Listed below are the nominees for the 2014 Red Smith Award, in alphabetical order.
Voting is open to 10-year APSE members, past presidents and Red Smith Award winners. Eligible voters should your top 3 choices in order. Your top choice should get a 1, your second, a 2 and your third, a 3. Biographical information is below. The deadline to vote is March 31. You may vote via email to firstname.lastname@example.org or by mail to
P.O. Box 55819
Boston, MA 02205-5819
___ Richard Kyle Fox
___ Henry Freeman
___ Dan McGrath
___ Leigh Montville
___ Sandy Rosenbush
___ Bob Ryan
___ Glenn Schwarz
___ Wendell Smith
___ Terry Taylor
___ Fred Turner
___ George Vecsey
Richard Kyle Fox
He was the first great sports editor in the United States. Under his aegis, his magazine, The Police Gazette, virtually created championship boxing in the late 19th century. Fox' magazine also featured crime and sex, but because his sports coverage was so successful, he encouraged newspapers to devote space to sports, to have whole sports pages. Every sports editor in America is, essentially, descended from Fox.
Freeman spent 47 years in newspapers as a top newsroom editor and publisher, and is renowned for his strong imprint on sports journalism as a pioneering Managing Editor/Sports at USA TODAY. He was a master innovator and motivator, passionate about journalism and sports. He drove the development of sports staples that were revolutionary. Freeman became APSE president in 1987, with the treasury almost empty after the organization had twice teetered toward insolvency. Through his leadership, APSE bylaws were changed to require presidents to live within a budget – putting APSE on solid ground.
McGrath made his mark as reporter, columnist and sports editor (along with some news posts) through the country, from the Sacramento Bee to the Chicago Tribune and myriad posts in between. He was an industry leader and mentor to countless journalists.
Montville spent almost 20 years as an award-winning sports columnist at The Boston Globe, was in a group of three that became the first back-of-the-book columnists for Sports Illustrated and has gone on to write best-sellers on Ted Williams, Dale Earnhardt, and Babe Ruth, among others. In 2013, he was inducted into the National Sportswriters and Sports Broadcasters Assn. Hall of Fame. In a brief stint with the now-departed CNN/SI sports network, he won a Cable ACE award for commentary. He's figured out how to translate a unique voice over a variety of different platforms.
Sandy is currently the college football news editor for remote production crews at ESPN but she’s been in newspapers and magazines most of her career at the New York Times, Washington Post and Sports Illustrated. She’s a former president of APSE and was honored by AWSM with the Mary Garber Pioneer Award. She is a founder and year-in, year-out supporter of the Sports Journalism Institute, which has been adding diversity to our industry for 20 years.
Ryan wrote for The Boston Globe for 44 years, 23 of those years as a columnist, before his retirement in 2012. He still is an occasional contributor. As a general columnist he has a style that connects with the Boston audience in a way that few have. His exposure on ESPN’s The Sports Reporters has raised his profile nationally. Because his Boston experience goes back so far, he brings a perspective to Boston stories that is rare. Yet, his style has never gotten tired, and he maintains an enthusiasm for the games that is unusual for someone who is doing what he has been doing for so long.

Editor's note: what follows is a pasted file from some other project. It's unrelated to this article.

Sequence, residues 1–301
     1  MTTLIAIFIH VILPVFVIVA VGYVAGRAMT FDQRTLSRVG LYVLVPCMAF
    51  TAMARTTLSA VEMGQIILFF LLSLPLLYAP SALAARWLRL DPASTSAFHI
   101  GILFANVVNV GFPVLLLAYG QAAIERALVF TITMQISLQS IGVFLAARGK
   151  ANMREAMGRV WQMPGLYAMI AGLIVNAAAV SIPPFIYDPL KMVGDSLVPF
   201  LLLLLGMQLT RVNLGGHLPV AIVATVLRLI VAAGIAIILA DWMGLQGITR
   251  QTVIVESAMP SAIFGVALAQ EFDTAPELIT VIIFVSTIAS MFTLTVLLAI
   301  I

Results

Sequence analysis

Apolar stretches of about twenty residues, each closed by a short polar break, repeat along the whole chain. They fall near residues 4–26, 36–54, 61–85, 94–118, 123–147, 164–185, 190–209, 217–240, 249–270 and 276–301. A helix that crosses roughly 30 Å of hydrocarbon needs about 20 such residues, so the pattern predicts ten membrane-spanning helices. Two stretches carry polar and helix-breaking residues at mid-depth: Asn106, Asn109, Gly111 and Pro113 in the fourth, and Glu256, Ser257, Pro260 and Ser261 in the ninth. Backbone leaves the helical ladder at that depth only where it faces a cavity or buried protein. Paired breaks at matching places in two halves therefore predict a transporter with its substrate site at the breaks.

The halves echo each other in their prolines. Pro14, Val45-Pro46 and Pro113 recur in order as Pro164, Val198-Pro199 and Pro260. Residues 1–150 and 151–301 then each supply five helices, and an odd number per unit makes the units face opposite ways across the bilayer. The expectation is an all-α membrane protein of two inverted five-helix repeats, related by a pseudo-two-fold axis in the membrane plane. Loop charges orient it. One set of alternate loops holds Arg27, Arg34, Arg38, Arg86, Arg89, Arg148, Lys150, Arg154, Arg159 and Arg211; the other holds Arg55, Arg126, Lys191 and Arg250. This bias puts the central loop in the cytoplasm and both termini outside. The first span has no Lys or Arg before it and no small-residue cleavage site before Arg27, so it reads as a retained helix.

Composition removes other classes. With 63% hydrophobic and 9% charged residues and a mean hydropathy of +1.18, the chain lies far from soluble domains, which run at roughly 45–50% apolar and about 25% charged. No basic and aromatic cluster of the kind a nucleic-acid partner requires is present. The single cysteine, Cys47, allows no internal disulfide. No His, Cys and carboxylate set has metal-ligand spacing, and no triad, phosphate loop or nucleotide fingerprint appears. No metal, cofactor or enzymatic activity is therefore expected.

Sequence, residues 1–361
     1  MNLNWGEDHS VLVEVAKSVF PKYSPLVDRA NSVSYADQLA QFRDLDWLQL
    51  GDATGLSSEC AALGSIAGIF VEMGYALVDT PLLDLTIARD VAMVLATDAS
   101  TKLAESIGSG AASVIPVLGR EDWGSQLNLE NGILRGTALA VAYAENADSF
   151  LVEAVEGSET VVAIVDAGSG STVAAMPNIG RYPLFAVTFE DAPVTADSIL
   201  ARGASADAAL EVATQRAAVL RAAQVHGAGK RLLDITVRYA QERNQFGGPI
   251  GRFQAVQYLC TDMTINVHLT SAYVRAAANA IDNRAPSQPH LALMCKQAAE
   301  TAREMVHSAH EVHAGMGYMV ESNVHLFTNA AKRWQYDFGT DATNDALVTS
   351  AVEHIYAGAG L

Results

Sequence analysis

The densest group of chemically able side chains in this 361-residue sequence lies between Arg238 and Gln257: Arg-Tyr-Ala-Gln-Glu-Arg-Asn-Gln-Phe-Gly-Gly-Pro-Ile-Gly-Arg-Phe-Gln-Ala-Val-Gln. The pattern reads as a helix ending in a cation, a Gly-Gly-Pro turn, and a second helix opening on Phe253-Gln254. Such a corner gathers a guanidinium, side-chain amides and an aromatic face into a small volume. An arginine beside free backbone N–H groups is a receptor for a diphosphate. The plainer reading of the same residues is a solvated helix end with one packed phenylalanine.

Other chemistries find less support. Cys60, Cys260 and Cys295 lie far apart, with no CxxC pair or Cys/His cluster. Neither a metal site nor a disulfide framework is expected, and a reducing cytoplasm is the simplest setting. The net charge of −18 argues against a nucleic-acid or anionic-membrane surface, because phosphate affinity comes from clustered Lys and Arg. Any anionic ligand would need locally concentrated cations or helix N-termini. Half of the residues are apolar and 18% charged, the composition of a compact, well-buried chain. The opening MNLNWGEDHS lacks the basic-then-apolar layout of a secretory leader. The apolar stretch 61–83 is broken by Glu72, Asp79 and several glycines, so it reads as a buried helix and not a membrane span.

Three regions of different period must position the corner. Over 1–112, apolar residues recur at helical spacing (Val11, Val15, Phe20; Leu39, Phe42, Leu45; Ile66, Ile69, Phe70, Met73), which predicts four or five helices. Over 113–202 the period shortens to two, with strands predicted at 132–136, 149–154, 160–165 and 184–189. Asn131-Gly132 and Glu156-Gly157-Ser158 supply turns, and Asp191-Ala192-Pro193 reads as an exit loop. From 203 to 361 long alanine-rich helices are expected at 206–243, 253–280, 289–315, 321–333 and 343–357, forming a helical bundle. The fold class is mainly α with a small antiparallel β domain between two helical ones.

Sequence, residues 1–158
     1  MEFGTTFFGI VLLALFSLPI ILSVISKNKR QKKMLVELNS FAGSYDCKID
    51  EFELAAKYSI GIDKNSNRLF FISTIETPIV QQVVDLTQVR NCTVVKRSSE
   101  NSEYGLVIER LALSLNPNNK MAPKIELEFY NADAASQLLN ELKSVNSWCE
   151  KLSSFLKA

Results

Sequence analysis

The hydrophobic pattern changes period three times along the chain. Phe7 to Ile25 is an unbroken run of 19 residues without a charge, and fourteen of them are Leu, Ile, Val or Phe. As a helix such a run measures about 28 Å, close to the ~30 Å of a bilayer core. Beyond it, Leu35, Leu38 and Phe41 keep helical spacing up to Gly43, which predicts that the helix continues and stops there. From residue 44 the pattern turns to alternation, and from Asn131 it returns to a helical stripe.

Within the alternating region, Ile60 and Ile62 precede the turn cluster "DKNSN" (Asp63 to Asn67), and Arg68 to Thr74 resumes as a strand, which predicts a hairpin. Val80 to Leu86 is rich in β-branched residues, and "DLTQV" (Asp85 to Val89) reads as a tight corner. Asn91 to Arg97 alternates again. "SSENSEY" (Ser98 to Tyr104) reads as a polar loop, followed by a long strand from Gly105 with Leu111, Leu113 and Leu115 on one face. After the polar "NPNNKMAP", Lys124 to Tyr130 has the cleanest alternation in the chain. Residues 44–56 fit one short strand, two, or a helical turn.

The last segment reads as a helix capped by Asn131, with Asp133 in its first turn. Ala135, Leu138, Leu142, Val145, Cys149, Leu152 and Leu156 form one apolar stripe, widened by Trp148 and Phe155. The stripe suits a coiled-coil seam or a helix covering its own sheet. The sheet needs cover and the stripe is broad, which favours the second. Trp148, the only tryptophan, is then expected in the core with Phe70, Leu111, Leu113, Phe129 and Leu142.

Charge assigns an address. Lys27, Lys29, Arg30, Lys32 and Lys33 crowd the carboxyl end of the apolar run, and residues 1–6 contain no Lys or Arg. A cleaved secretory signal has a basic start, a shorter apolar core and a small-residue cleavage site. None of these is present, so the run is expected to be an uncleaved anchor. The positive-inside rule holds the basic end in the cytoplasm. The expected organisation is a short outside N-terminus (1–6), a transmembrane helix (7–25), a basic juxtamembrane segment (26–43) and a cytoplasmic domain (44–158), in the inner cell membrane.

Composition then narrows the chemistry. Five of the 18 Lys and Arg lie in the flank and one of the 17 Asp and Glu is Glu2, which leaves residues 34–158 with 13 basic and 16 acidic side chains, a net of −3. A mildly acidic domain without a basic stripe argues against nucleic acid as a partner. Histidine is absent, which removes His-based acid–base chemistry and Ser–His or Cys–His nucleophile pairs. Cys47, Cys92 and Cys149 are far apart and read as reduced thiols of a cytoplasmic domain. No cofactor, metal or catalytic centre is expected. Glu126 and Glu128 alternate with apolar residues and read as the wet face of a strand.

Schwarz began his career as an outstanding and longtime baseball reporter, then made seamless mid-career transition to sports editor where he led San Francisco Examiner, and later the San Francisco Chronicle, to a number of APSE Top 10 section and writing awards.
Smith was instrumental in pushing Major League Baseball to integrate and pushing the Brooklyn Dodgers to sign Jackie Robinson in 1946. He did this while experiencing horrible slights, including not being allowed in many press boxes in spring training in Florida while covering Robinson. With Sam Lacy, a previous Red Smith Award winner, he would cover Major League Baseball meetings, working hotel lobbies trying to convinced MLB owners to consider allowing African-Americans to participate and be included in the majors. He was a columnist and baseball writer for the Pittsburgh Courier and later the Chicago American. Smith was portrayed in the recent movie "42" He died in 1972.
The recently retired Sports Editor of the Associated Press was a smart aggressive editor who did a first-rate job supervising the coverage of sports for AP for more than 25 years. She was a true pioneer for women in sports journalism and a star in any league.
Turner began at the Patriot Ledger in Quincy, Mass., as a co-op student from Northeastern University in Boston, worked the city desk and then sports, eventually becoming sports editor. He left the paper in 1980 to become the sports editor of the Sun Sentinel in Fort Lauderdale. In his 25 years as the boss, he turned the small-town newspaper into one of the country’s best, winning numerous APSE awards, sending many editors across the country to become sports editors, molding writers who also went on to bigger markets. Fred passed away in 2011.
Vecsey, a long-time New York Times sports columnist, has written about the FIFA World Cup, the Olympics and a wide variety of sports including tennis, football, basketball, hockey, soccer and boxing. But he considers baseball, the sport he’s covered since 1960, his favorite sport and has written more books about baseball than any other sport. He is the author of more than a dozen books, including Stan Musial: An American Life, Baseball: A History of America’s Favorite Game and Loretta Lynn: Coal Miner’s Daughter, which was made into an Academy Award-winning film.